Nigerian Navy has accused the Nigerian National Petroleum Corporation Limited of not revealing the true cause(s) of crude oil theft in the country, but reeling out exaggerated figures to save face.
This disclosure was made to the Senate Committee on Economic and Financial Crimes by the Navy Chief of Training and Operations, Rear Admiral Solomon Agada, during an interactive briefing of the relevant agencies implementing the Proceeds of Crime (Recovery and Management) Act, 2022 at the National Assembly. Our correspondent exclusively observed the proceedings.
Agada revealed that at several interactions with the NNPC, the Navy had explained the causes of fuel scarcity to the company that there was no way anyone would steal 100,000 barrels of oil in a day, but the NNPC had deliberately continued to mislead Nigerians.
He made the disclosure when the Chairman of the committee, Suleiman Kwari, questioned him on why the country continued to experience cases of oil theft if the waterways were secured as Agada posited.
Kwari queried, “The oil theft issue has been a very worrisome one to every Nigerian and more importantly, it has negatively impacted our economy. How come the Navy hasn’t been able to solve the issue of oil theft and if the Navy is claiming that the waterways are secured, why are there still cases of oil theft?”
Agada explained in his responses, “The challenge is that because of the criminal activity inshore by the illegal refiners in tapping into the export lines, those export lines have not been in operation since early this year.
“The major terminals have not been able to process fuel for export since around February/March and instead of the NNPC telling the Federal Government that this product is not brought out to be able to process as export, they say the oil was stolen.”
He explained that the argument of the Navy had been that the NNPC should tell people the difference between the oil that they have shut in and not brought out, and what is being stolen.
He added, “The stolen produce that we have been dealing with among illegal refineries is nothing compared to what the NNPC is declaring as being stolen.
“If you’re talking about stealing 100,000 barrels a day, you need about five-tonne batches 20 times a day from the creek to the high sea, which is very unrealistic. I told them at the NNPC that if that were to be the case, even a blind man would observe that something was happening in Nigeria’s waters and we are there on patrol and not seeing this.
“The only reasonable explanation why the fuels are not coming out is because the Shell platform on Bonny Island is not exporting and the Chevron terminal in Escravos is also not exporting. All these things are very clear, but because it is easier to say these things are stolen, then they just come up with that.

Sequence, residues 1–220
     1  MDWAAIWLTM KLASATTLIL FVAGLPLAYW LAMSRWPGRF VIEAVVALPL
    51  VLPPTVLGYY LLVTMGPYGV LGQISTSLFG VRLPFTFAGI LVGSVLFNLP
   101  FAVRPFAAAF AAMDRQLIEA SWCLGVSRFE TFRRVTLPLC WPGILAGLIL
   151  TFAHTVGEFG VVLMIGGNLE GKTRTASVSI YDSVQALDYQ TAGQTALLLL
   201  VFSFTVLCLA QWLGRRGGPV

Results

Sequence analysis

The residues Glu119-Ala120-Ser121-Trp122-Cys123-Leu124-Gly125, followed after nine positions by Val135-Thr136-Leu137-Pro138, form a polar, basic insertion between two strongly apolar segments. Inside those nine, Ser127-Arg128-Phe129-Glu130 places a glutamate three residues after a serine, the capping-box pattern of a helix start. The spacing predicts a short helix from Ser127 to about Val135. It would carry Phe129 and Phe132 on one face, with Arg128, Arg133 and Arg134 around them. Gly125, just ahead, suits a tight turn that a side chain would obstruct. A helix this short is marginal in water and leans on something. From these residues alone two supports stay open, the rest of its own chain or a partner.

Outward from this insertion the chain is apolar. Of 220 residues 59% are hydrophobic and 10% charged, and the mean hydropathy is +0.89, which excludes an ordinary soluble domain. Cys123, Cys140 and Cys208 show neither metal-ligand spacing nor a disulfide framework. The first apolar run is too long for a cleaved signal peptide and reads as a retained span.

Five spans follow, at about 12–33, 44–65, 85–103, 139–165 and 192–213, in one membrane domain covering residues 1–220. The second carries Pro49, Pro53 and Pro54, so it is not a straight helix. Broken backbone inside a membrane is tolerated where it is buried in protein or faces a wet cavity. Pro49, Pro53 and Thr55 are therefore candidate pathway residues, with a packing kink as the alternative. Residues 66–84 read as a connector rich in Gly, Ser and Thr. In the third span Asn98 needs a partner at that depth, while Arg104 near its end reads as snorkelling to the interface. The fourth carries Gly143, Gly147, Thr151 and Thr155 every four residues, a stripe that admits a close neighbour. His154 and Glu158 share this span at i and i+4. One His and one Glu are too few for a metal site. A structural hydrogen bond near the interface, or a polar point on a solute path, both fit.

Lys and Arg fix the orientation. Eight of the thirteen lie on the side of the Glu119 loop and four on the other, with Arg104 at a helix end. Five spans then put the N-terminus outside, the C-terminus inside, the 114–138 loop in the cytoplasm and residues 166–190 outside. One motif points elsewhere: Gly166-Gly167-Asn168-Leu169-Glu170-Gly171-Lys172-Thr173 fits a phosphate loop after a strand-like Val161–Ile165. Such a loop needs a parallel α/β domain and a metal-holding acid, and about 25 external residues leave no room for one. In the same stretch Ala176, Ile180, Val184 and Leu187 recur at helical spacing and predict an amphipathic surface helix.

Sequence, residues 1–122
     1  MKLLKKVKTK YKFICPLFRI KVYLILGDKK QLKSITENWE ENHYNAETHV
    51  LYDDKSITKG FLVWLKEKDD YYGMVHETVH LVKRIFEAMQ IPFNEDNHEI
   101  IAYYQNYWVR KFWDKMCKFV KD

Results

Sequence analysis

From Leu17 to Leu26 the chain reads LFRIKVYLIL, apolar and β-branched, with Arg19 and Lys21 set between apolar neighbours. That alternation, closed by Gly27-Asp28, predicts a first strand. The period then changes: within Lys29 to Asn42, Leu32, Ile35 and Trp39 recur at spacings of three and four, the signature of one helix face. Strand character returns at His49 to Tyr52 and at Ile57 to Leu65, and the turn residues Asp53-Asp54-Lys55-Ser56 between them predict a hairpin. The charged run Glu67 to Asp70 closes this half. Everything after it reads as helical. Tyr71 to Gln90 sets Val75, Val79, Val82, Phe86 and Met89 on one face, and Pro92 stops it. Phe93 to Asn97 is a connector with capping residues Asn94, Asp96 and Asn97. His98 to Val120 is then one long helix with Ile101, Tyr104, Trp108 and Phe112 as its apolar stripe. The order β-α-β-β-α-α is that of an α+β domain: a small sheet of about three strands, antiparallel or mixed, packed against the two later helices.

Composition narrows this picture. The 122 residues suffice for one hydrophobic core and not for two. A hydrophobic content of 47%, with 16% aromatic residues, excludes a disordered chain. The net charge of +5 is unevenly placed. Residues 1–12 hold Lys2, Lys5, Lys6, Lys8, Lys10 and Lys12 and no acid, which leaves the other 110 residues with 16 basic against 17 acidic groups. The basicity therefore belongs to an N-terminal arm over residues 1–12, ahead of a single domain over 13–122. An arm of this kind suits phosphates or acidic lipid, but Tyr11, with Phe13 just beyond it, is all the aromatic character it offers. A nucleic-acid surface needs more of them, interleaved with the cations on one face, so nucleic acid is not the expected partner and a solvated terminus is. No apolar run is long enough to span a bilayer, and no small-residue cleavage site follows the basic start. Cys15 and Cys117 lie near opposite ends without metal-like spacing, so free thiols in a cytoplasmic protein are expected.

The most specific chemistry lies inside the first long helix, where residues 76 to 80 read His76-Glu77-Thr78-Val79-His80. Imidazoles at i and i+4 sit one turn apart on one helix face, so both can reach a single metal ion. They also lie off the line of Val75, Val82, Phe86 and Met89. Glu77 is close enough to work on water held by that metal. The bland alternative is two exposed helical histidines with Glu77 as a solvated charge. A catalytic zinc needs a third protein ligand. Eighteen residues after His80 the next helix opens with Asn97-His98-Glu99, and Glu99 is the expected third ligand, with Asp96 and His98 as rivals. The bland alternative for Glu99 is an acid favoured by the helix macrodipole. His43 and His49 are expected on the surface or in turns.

“Let’s get someone who can do proper analysis of these figures and we’ll find out that these claims are just bogus; there is nothing substantive about them. We have communicated appropriately with the NNPC; even at our last interface with them, they agreed with us; but when they come to the public, they say oil theft, hiding the fact from the public.”
Yusuf Yusuf noted that at an oversight function, the NNPC said crude pipelines were being tapped from the pressure pipe under sea and crude oil was usually transferred from there into vessels, and this had been happening for nine years.
“Is the Navy aware or not of the taping going on under the sea?” Yusuf asked.
Agada responded, “On the tapping of the vessel, I also visited that location with the Chief of Defence Staff and there is a directive by the President from the office of the Secretary to the Government of the Federation to set up a committee on that particular incident.
“We are not indicting the NNPCL; we are just saying that let matters be presented correctly so that people can make informed decisions. The Navy has no hand in any stealing of oil in this country. I have no ship or vessel, nor do I know anyone who has; you can investigate me.”
The Navy boss further explained that the increase in diesel price was because of the operation in stopping illegal bunkering on the waters.
He said, “People who have been doing this illegal business will confirm to you that since we started this special task force operation in April, their business has gone sour.
“This is also responsible for the increase in diesel price in the country. Since we stopped the illegal diesel from coming to the market, the price has gone up, because once there is high demand and the supply is low, the price will go up.
“People who ought to import will cut corners and buy the illegal products, but now that they can’t import and the illegal ones are not coming, this has reduced the quantity in the country. But somehow, nobody is coming to share this information with the people.”